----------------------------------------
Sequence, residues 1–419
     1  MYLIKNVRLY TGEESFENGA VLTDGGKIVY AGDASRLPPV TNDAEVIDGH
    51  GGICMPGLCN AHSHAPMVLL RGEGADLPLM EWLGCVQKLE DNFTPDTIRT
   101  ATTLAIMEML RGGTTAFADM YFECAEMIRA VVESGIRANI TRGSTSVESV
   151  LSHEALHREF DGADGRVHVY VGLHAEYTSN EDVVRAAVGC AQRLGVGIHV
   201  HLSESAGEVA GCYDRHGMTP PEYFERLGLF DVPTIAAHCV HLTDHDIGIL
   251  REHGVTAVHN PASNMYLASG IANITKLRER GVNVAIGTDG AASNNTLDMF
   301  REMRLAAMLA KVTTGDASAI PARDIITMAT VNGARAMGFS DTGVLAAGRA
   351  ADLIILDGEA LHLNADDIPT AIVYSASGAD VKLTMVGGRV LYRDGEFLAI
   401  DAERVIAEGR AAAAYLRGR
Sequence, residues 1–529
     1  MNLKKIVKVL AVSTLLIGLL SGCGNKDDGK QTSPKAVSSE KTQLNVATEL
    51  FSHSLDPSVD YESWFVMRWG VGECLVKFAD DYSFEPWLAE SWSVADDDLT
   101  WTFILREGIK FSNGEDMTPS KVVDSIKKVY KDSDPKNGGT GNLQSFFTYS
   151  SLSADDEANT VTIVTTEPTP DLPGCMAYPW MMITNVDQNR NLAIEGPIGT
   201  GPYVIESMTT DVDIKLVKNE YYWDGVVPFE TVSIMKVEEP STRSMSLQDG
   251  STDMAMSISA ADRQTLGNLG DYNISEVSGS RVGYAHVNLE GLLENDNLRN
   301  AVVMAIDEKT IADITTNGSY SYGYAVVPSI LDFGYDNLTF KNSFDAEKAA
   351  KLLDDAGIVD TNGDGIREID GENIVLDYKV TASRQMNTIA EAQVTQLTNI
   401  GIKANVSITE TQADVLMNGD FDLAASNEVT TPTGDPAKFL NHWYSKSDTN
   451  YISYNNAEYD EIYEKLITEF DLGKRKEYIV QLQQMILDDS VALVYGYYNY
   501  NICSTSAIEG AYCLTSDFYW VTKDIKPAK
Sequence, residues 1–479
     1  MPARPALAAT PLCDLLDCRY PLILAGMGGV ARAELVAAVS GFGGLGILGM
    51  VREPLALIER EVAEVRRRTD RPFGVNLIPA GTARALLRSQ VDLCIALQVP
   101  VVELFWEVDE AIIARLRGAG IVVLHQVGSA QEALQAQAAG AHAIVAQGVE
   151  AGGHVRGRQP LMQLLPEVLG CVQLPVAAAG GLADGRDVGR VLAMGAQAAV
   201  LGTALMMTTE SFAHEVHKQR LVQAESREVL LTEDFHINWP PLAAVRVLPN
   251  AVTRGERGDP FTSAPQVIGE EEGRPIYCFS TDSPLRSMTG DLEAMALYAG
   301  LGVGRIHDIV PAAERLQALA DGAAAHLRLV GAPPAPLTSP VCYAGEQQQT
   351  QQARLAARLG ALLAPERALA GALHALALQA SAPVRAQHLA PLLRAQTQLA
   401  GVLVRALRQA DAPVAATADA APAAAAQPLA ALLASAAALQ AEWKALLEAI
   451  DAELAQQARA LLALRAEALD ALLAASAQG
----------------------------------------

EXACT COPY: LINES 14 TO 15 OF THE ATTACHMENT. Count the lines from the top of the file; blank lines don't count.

   101  WTFILREGIK FSNGEDMTPS KVVDSIKKVY KDSDPKNGGT GNLQSFFTYS
   151  SLSADDEANT VTIVTTEPTP DLPGCMAYPW MMITNVDQNR NLAIEGPIGT